x86 or ARM

For a break down of the logical upgrade paths existing Windows users can expect:

Windows 72

Windows 7 Starter Windows 10 Home
Windows 7 Home Basic
Windows 7 Home Premium
Windows 7 Professional Windows 10 Pro
Windows 7 Ultimate

Windows 83

Windows Phone 8.15 Windows 10 Mobile
Windows 8.14 Windows 10 Home
Windows 8.1 Pro Windows 10 Pro
Windows 8.1 Pro for Students

“N” and “KN” editions follow the upgrade path of the parent edition (e.g., Windows 7 Professional N upgrades to Windows 10 Pro N).

Some editions are excluded: Windows 7 Enterprise, Windows 8/8.1 Enterprise, and Windows RT/RT 8.1. Active Software Assurance customers in volume licensing have the benefit to upgrade to Windows 10 enterprise offerings outside of this offer.

For the first time, Microsoft is distributing Windows 10 on USB media. A convenient option for Ulrabooks and PCs that no longer include optical drives.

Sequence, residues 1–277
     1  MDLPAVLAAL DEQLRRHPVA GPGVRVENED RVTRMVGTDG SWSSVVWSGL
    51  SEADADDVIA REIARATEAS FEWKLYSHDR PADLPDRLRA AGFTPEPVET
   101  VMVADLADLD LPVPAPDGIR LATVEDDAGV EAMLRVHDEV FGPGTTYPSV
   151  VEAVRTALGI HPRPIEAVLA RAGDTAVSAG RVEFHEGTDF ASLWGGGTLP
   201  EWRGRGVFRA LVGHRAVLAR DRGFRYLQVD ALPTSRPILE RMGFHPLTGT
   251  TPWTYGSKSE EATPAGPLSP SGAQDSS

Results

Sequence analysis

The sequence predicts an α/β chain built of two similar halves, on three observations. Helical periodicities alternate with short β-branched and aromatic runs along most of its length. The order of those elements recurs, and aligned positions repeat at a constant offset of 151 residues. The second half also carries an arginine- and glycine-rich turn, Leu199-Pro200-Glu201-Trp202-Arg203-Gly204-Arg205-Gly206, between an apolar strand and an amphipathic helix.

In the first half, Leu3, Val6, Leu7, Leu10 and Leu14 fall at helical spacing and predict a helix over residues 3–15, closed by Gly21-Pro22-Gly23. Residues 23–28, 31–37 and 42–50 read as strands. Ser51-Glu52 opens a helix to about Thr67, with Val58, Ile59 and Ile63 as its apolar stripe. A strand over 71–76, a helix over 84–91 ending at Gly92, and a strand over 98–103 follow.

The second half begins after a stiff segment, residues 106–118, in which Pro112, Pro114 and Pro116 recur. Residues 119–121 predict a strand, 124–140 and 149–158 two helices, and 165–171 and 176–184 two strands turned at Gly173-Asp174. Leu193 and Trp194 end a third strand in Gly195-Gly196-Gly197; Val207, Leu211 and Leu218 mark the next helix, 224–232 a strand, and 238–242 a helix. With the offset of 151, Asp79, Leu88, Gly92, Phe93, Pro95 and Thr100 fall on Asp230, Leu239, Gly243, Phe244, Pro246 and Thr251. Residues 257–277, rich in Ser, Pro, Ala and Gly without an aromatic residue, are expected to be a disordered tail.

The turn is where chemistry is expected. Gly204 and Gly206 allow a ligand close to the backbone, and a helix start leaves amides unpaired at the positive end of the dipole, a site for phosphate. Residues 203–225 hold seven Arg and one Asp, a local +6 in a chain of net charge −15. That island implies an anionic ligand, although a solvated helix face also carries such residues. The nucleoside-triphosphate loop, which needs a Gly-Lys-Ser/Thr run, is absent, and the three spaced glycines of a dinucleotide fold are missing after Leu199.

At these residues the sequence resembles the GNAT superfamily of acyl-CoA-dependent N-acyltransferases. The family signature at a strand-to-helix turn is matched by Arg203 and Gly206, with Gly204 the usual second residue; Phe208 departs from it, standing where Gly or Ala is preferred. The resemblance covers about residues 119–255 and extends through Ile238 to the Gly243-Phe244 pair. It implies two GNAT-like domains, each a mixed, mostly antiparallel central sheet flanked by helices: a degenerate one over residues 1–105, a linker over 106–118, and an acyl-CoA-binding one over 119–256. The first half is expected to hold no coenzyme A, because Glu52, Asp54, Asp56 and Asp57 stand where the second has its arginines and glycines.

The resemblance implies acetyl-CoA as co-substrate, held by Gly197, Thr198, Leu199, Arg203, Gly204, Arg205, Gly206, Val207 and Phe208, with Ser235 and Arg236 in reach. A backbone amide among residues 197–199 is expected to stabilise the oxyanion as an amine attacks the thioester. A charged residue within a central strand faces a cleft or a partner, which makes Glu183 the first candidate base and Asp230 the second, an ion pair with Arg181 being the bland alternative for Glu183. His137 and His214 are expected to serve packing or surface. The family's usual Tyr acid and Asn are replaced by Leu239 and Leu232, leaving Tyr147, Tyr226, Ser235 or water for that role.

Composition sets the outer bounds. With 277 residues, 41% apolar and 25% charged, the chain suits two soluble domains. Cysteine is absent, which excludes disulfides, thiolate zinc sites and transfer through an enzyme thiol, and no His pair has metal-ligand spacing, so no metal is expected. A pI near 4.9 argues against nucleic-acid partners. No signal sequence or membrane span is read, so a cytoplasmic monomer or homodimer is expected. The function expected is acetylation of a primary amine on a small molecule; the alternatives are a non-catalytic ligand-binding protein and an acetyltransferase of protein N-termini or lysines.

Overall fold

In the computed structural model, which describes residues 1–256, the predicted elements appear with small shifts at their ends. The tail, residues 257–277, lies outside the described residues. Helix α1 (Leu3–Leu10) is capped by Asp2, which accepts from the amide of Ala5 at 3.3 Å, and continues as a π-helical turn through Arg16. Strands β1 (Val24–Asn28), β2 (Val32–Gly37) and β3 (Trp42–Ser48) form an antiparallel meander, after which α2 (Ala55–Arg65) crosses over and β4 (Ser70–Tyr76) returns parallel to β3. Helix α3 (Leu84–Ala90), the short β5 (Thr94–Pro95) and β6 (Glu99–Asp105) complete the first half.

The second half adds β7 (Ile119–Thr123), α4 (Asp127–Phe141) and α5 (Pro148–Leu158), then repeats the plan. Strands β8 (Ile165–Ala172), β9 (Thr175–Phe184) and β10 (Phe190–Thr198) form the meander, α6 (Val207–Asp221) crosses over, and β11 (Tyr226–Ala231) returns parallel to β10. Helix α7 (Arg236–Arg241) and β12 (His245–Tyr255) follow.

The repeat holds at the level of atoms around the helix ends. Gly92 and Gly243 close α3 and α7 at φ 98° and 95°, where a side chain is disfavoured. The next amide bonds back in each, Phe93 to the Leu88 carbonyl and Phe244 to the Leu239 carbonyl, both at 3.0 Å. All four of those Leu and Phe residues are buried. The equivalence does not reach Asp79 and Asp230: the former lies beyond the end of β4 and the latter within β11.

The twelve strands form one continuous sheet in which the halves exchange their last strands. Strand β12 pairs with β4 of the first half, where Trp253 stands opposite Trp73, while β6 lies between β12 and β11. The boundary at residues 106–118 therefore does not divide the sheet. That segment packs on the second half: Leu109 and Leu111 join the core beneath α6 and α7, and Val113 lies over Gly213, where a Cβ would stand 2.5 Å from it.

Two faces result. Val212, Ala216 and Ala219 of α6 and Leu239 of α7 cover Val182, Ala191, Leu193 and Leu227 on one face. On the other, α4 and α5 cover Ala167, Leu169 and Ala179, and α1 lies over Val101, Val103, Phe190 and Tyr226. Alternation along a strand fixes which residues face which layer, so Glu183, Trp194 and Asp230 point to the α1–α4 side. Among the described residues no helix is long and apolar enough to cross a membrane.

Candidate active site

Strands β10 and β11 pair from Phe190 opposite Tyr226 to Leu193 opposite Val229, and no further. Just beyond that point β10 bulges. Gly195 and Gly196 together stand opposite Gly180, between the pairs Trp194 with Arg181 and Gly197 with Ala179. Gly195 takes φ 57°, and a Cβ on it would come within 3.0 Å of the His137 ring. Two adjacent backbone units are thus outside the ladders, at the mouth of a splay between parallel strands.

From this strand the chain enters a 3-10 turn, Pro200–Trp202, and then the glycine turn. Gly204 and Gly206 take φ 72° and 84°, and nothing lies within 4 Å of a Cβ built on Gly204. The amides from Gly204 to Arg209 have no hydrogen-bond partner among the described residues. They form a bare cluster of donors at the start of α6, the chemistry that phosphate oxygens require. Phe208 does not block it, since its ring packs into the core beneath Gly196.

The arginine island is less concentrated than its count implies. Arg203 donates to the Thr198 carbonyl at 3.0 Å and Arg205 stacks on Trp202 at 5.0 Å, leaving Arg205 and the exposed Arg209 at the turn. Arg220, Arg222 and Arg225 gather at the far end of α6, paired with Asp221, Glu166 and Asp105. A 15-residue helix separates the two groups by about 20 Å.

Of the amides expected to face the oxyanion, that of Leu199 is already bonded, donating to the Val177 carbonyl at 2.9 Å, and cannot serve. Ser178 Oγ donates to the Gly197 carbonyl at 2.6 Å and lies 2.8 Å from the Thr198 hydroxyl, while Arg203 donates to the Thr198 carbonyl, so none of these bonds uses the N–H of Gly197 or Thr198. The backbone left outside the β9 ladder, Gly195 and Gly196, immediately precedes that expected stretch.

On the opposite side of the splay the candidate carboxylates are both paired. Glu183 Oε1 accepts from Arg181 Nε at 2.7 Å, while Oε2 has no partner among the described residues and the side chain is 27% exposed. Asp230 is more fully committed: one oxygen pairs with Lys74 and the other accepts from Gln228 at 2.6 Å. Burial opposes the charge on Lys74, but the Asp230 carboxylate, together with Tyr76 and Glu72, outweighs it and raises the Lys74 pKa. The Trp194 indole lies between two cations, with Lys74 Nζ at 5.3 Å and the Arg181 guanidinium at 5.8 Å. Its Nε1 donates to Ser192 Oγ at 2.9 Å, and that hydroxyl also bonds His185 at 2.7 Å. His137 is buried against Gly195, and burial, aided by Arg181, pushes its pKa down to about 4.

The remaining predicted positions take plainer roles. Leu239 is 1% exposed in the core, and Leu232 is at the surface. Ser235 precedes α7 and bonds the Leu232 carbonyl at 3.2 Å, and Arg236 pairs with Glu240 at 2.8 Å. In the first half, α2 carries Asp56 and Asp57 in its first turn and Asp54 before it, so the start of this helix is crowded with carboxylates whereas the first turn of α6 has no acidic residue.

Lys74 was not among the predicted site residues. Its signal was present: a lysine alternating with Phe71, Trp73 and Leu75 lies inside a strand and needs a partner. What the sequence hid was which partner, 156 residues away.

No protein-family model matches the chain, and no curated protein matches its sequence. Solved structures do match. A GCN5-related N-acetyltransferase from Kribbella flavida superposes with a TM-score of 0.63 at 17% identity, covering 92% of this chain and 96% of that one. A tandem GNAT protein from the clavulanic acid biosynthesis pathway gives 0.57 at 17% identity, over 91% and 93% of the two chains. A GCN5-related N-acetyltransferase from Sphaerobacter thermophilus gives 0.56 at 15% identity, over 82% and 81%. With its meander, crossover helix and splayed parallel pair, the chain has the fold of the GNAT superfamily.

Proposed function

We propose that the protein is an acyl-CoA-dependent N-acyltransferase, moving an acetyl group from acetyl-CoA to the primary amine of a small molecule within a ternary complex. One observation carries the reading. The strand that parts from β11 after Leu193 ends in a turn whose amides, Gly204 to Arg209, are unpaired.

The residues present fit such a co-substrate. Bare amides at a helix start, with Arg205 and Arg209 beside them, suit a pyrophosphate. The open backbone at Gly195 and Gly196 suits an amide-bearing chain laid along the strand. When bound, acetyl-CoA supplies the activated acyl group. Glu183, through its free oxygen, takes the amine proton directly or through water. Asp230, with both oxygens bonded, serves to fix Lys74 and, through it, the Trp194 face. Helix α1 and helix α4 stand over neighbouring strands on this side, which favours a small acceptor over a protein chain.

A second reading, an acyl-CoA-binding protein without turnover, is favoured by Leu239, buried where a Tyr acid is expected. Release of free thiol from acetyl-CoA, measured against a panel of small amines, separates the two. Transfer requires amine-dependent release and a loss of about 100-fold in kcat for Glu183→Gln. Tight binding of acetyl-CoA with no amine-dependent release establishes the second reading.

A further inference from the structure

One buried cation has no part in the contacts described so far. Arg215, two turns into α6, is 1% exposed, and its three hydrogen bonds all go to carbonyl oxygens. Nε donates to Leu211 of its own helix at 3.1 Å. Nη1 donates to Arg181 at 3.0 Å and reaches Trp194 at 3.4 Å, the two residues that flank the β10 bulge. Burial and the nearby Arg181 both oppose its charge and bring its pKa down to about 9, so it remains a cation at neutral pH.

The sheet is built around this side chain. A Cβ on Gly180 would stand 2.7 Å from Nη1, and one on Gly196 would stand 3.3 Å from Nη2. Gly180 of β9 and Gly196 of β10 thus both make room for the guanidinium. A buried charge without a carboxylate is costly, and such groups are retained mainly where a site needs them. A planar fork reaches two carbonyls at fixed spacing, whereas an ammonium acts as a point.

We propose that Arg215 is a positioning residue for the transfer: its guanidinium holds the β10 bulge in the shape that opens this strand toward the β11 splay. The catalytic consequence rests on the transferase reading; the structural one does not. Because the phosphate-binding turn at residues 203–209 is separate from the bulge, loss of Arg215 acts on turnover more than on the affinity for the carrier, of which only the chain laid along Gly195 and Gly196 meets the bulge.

Windows 10 will be available in retail packaging, both on DVD and USB media for the first time. This is the last time users should expect to purchase Windows in this format since all revisions going forward will be delivered through Windows Update. For the first time, Microsoft will make it possible for managed IT environments to upgrade factory preinstalled OEM licenses whether it is consumer or business editions) to volume license upgrades without formatting the device.

Retail pricing information:

Edition Pricing
Windows 10 Home US $119
Windows 10 Pro US $199
Windows 10 Pro Pack US $99

The system requirements for Windows 10 remain virtually unchanged since Windows Vista.

  • Processor:  1 gigahertz (GHz) or faster processor or SoC

  • RAM:  1 gigabyte (GB) for 32-bit or 2 GB for 64-bit

  • Hard disk space:  16 GB for 32-bit OS 20 GB for 64-bit OS

  • Graphics card:  DirectX 9 or later with WDDM 1.0 driver

  • Display:  800x600